Technical Insights from “Weekend with the Masters”

Portrait Demonstrations… Weekend with the Masters


I have had the privilege of teaching the art of painting for the last twenty years or so and have chosen the portrait as the vehicle to explain the concepts because of the exacting nature of the subject, forcing the student to be precise in their seeing and drawing.

What remains my greatest challenge in the process of teaching is conveying in the simplest of terms the most direct, systematic approach to solving the problems before us.  As we stand with loaded brush before the model, so many decisions need to be made at once, often instilling panic in our hearts while we try to sort out the visual information.  Organization of thought in the beginning is paramount in the process and seems to be the only way to wade through the ordeal with any peace of mind and success in the endeavor.

“Yes, yes”, you may be saying, “but organize what?”

It has been my goal to stress the critical nature of categorizing the aspects of drawing, value, edge, and color from the outset so as to build on a solid foundation.

This needs to be accomplished before I apply paint to the canvas so I can break down the elements in a way I can wrap my head around and not be overwhelmed as the avalanche of information pours in.  So, before I begin to paint, I will make these visual observations and mentally categorize them in terms of hierarchy of value, edge, color, etc…

Value…  Look to see while squinting where the lightest lights and darkest darks are and then make a concerted effort to keep all other values in their proper range compared to the extremes.  i.e.(Not allowing the reflected lights to become too strong so to break out of the simple shadow shape or applying to many highlights to destroy the subtlety of tone.)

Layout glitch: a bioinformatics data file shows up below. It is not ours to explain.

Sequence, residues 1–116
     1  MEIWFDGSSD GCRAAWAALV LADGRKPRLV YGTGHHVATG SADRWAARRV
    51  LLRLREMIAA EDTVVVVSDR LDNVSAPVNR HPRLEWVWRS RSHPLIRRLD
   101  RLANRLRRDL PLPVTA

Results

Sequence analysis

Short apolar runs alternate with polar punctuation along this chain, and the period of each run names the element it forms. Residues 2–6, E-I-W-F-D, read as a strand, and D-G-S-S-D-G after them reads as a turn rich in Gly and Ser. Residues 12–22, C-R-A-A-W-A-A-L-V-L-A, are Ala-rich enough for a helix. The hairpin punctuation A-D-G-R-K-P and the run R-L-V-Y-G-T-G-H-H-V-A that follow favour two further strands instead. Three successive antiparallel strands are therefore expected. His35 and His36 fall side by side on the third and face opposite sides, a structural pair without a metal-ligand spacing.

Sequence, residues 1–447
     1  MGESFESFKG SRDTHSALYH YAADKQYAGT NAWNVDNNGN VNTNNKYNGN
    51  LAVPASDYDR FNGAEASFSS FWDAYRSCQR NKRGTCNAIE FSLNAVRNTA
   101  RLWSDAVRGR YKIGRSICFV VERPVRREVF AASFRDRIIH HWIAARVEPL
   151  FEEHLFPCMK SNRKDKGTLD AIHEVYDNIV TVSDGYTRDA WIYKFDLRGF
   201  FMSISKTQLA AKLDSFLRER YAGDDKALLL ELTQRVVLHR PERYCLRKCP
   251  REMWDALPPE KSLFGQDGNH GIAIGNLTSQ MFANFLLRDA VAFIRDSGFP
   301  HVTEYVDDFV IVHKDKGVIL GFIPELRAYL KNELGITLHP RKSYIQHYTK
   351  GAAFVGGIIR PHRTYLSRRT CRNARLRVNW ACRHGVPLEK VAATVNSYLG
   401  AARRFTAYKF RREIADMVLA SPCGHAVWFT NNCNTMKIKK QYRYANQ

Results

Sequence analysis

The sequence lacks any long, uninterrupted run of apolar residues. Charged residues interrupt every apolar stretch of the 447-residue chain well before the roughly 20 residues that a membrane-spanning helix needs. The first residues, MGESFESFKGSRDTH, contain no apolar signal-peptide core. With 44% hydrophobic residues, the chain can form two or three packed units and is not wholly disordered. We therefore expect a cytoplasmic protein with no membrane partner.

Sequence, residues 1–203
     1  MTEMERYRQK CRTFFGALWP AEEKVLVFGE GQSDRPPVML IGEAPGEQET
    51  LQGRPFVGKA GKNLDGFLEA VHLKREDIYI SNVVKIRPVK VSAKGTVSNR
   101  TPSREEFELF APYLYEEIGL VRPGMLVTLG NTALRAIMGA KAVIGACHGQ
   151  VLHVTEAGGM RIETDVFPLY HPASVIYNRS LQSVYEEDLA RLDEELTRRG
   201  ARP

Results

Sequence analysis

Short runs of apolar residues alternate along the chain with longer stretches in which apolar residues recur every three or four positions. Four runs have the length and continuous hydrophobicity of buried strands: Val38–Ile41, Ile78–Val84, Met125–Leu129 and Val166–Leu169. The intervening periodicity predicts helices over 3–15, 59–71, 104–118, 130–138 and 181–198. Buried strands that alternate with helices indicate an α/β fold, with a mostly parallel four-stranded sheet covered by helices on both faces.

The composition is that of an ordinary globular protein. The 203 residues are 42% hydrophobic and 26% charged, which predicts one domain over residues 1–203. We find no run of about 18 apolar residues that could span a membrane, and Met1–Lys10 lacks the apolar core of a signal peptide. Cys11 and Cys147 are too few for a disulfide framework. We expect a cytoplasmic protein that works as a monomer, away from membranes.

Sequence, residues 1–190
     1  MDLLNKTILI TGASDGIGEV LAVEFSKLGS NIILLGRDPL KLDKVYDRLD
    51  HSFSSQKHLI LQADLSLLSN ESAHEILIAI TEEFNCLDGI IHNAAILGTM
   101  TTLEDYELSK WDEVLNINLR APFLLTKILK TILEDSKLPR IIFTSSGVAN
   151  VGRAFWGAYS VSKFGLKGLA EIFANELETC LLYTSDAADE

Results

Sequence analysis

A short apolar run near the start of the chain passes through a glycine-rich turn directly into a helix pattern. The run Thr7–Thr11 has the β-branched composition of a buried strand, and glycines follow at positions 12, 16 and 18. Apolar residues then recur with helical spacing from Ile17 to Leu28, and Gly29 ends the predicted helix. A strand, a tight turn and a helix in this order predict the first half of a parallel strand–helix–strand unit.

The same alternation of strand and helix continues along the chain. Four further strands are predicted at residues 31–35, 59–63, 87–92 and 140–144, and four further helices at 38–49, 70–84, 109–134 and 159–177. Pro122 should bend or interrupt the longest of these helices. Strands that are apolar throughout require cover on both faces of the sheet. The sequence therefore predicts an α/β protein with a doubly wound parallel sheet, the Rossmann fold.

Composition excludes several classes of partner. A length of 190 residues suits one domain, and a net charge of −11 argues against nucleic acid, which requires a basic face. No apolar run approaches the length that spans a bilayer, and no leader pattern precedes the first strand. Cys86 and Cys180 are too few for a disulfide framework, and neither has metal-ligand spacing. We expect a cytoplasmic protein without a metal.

Edge…   When squinting, what edges emerge as the sharpest and which visually subdue to create the most variety to add power and drama to the subject.

Color… Where are the strongest colors and how do all of the others relate to them.  Also, what is the color of the light and do I see its influence on all of the top planes of the scene.

If I take a few minutes before the work begins, often it alleviates some stress and possible mistakes along the way… Keep Smiling!

These two works were completed as Demonstrations at a recent conference in San Diego.

Other news from Gerhartz Studio… we just finished filming a full length video on painting the figure en plein air that will be released in the upcoming months.  Watch for the trailer soon!

Not Far from Home is selling well (thank you)… get one while they are still in print.

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6 responses to “Technical Insights from “Weekend with the Masters”

  • Karen Paul

    Bless you Daniel and thanks for your posts,In His Glorious name!Karen Paul

  • Dante Valentino Ennis Fenton

    I am from Mexico, and self taught, but in a academic way (or at least I try to) what I find most challenging is to decide or identify the color on the shadow.
    I try to put in my darkest dark first, but end up going back on nearly the end of every painting, I have tried to make my lights work first, but end up struggling in my shadows anyway. I have to try out a 3 or 4 slight changes in tone before I am happy whith the result
    Now, I know the warm light cools in the shadow, and then it warms and cools again… still I think is the harmony in color what eludes me, how, for example do you decide if a cool blue is more purple or more greenish, according to the tone you are using in the warm light? is there a law to this?

  • Diane Lyon

    So beautiful and always helpful. Thank you, Dan.

  • Mike Neilson

    Excellent post Dan. Great reminders on what to look for. Thanks for sharing.

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